Identification of vacuolar phosphate efflux transporters in land plants


Inorganic phosphate (Pi) is an essential component of all life forms. Land plants acquire Pi from the soil through roots and associated symbioses, and it is then transported throughout the plant. When sufficient, excess Pi is stored in vacuoles for remobilization following Pi deficiency. Although Pi release from the vacuoles to the cytoplasm serves as a critical mechanism for plants to adapt to low-Pi stress, the transporters responsible for vacuolar Pi efflux have not been identified. Here, we identified a pair of Oryza sativa vacuolar Pi efflux transporters (OsVPE1 and OsVPE2) that were more abundant in plants grown under Pi-deficient conditions. These OsVPE proteins can transport Pi into yeast cells and Xenopus laevis oocytes. Vacuolar Pi content was higher in the loss-of-function Osvpe1Osvpe2 double mutant than in wild type, particularly under low-Pi stress. Overexpression of either OsVPE1 or OsVPE2 in transgenic plants reduced vacuolar Pi content, consistent with a role in vacuolar Pi efflux. We demonstrate that these VPE proteins evolved from an ancient plasma membrane glycerol-3-phosphate transporter protein. Together, these data indicate that this transporter was recruited to the vacuolar membrane to catalyse Pi efflux during the course of land plant evolution.

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Fig. 1: A pair of Pi starvation-induced OsVPE proteins are located on the vacuolar membrane in rice.
Fig. 2: OsVPE1 and OsVPE2 can confer Pi transport activity in yeast and X. laevis oocytes.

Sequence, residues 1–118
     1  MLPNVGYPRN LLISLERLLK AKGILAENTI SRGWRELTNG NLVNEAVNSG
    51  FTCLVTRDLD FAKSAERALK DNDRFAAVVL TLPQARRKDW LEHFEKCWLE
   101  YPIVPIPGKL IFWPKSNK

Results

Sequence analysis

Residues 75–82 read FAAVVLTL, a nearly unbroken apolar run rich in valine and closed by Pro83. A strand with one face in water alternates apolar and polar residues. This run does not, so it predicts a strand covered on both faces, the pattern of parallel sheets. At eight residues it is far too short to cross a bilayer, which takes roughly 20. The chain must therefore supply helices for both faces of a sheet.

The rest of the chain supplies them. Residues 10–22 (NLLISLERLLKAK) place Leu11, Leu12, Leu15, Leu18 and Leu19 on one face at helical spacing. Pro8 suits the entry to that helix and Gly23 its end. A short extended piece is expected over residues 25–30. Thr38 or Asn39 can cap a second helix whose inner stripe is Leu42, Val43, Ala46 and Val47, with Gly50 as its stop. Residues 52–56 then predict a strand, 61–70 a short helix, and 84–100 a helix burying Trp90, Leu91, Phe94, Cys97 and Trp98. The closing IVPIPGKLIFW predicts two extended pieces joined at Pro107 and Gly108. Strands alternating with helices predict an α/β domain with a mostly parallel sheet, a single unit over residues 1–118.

Fig. 3: Vacuolar Pi levels are significantly reduced in OsVPE-overexpressing plants and the efflux of vacuolar Pi in the Osvpe1Osvpe2 double mutant is partially defective.
Fig. 4: The Osvpe1Osvpe2 double mutant is stunted under Pi-replete conditions and more sensitive to Pi starvation.
Fig. 5: OsVPE1 and OsVPE2 together with the relative GlpT form a separate VPE clade and reside on the vacuolar membrane in rice.

Data availability

The data that supports the findings of this study are available within the article and its Supplementary Information files or from the corresponding authors upon reasonable request.


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The authors thank B. Menand for valuable suggestions, J. M. Thevelein for the yeast strains, and L. Jiang and G. Miesenböck for the PEpHluorin and PRpHluorin. This work was supported by the National Key Research and Development Program of China (2017YFD0200204) and the National Natural Science Foundation (31772386, 31801924 and 31670267). K.Y. was supported by the National Program for the Support of Top-notch Young Professionals and the Innovation Program of Chinese Academy of Agricultural Sciences. L.D. is funded by a European Research Council Advanced Grant (EVO-500; contract number 25028). S.L. is funded by a grant from the National Science Foundation.

Author information

K.Y. conceived and supervised the project. L.X., H.Z. and K.Y. designed the research. L.X., H.Z., R.W., Y.L., Z.X., W.T., W.R., F.W., M.D. and J.W. performed the experiments. L.X., H.Z., R.W., L.D., S.L., S.X. and K.Y. analysed the data. L.X., H.Z. and K.Y. wrote the paper with contributions from all the authors.

Correspondence to Shaowu Xue or Keke Yi.

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